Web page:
in which the hospital is a participating provider.
Hospitals also are required to post on their websites
and provide to patients at the time of registration
or admission the names and contact information of
the anesthesiology, pathology, and radiology services
with which they have contracted; the names of the
physicians employed by the hospital and whose services may be provided at the hospital and the health
care plans in which they participate; and a statement
informing the patient that a physician who provides
services in the hospital may be out-of-network and
that they should check with their physician to determine if that is the case.
•Imposes new disclosure requirements on physicians,
hospitals, and insurers to help make medical billing
more transparent and to alleviate and reduce surprise bills. Insurers and hospitals must, upon request,
indicate the anticipated fee that a nonparticipating physician will charge the patient for scheduled services.
•Requires all insurance plans, not just health maintenance organizations (HMOs), to have adequate
networks. Patients enrolled in all health insurance
plans have the right to receive treatment from a
specialist who is appropriately qualified to treat a
patient’s particular condition at no additional cost to
the patient if the network fails to include providers of
•Makes all bills for emergency care and other surprise
bills for care by nonparticipating physicians subject
to an independent dispute resolution process after an
insurer makes an initial reasonable payment for such
In 2015, Connecticut’s legislature also enacted
a comprehensive health care bill addressing issues
including transparency and surprise billing. Key elements of this legislation are as follows: 3
•Health insurers are required to provide the state’s
health insurance exchange with information on how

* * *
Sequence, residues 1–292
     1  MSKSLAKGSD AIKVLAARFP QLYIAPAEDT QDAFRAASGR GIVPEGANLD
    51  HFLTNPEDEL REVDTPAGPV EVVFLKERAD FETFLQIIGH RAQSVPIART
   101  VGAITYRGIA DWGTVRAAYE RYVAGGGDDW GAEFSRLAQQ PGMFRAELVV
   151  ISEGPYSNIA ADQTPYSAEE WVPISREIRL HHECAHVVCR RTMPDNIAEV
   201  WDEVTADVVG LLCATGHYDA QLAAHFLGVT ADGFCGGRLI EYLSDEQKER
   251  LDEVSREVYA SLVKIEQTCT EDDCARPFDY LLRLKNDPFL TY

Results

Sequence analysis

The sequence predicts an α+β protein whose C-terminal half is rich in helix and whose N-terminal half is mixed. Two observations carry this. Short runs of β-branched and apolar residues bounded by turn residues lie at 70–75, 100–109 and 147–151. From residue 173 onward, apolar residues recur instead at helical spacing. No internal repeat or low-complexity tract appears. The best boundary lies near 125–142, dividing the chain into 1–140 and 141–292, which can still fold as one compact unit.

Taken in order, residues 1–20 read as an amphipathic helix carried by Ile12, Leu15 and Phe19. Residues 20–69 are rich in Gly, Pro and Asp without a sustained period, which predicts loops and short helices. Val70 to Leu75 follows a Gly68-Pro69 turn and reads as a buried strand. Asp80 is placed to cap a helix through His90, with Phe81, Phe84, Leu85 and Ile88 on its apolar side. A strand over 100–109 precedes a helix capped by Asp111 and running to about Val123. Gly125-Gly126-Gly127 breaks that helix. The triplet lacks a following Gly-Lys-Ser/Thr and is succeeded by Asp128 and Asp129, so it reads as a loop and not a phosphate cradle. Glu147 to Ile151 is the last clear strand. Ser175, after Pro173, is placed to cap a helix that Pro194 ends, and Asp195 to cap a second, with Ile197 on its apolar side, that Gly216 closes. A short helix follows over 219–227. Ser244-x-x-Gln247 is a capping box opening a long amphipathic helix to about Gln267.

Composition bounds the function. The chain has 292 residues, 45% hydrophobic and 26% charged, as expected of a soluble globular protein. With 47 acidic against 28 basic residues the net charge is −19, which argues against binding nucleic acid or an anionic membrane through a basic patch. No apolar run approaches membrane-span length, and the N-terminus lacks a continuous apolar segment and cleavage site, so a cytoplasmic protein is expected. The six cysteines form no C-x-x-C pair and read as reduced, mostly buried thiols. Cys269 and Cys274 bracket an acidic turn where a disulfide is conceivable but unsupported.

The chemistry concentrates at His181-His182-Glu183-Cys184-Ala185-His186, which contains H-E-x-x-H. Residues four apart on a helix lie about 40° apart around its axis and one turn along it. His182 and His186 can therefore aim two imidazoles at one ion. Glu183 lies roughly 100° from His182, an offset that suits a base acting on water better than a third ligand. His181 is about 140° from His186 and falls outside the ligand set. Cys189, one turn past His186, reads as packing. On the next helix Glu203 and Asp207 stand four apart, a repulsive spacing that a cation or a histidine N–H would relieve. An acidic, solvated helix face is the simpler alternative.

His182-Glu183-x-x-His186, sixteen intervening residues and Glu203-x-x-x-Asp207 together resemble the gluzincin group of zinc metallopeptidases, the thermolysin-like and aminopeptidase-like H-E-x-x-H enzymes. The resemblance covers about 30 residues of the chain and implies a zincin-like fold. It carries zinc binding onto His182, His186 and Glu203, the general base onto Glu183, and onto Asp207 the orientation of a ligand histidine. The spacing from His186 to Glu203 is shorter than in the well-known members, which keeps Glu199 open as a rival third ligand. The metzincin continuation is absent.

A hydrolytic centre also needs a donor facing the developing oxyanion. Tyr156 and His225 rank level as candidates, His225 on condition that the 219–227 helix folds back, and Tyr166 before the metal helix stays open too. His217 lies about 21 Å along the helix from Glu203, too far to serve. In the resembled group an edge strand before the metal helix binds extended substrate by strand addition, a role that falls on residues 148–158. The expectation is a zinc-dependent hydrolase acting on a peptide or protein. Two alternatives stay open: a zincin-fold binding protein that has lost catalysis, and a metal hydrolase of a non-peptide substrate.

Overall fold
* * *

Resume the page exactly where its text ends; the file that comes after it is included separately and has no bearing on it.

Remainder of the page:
much they pay for the most common types of care.
• When nonemergency care is scheduled in a hospital, the
hospital must let the patient know they have the right
to request cost and quality information; such requests
must be answered in three days.
• Health care providers must let nonemergency uninsured
patients know how much their care will cost.
•Insurers must provide customers with a website and
toll-free phone number to access information on cost of
care, including out-of-pocket expenses, data on quality
measures, and providers accepting new patients; provider directories must be updated at least once a month,
and insurers must notify customers in writing within
30 days when a provider opts out of the health plan.
•Insurers are required to pay for emergency services at
in-net work rates to out-of-network providers; in surprise
billing situations, patients pay whatever they would for
an in-network provider, and the insurer reimburses at
the in-network rate.
Earlier this year, Florida Gov. Rick Scott (R) signed
legislation pertaining to surprise billing in emergency
situations. H.B. 221, chapter number 2016-222, creates
a dispute resolution program, requires hospitals to
post on their websites all of the health insurers and
HMOs with which the hospital contracts as a network/
participating provider, and requires insurers to provide
coverage for emergency services and to pay nonparticipating providers of covered emergency services
in accordance with the terms of the health insurance
policy. It also mandates that online provider directories
be updated by insurers at least once a month. 4
National Association of
One factor that will drive the network adequacy
and surprise billing debate in state legislatures is the
National Association of Insurance Commissioners
(NAIC) updated state model bill. The Health Benefit Plan Network Access and Adequacy Model Act is
intended to establish standards for the creation and